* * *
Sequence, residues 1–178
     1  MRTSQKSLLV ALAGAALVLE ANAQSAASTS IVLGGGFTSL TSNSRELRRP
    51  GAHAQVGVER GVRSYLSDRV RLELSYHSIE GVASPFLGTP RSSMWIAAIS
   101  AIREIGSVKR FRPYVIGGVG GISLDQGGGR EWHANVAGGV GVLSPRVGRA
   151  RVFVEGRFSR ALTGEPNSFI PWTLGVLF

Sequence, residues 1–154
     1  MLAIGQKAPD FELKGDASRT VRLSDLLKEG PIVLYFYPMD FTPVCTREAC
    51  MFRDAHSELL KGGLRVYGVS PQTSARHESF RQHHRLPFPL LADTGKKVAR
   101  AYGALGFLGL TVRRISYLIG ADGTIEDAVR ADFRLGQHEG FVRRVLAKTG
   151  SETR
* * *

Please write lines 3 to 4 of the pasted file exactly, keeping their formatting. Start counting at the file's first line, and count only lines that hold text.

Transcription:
    51  GAHAQVGVER GVRSYLSDRV RLELSYHSIE GVASPFLGTP RSSMWIAAIS
   101  AIREIGSVKR FRPYVIGGVG GISLDQGGGR EWHANVAGGV GVLSPRVGRA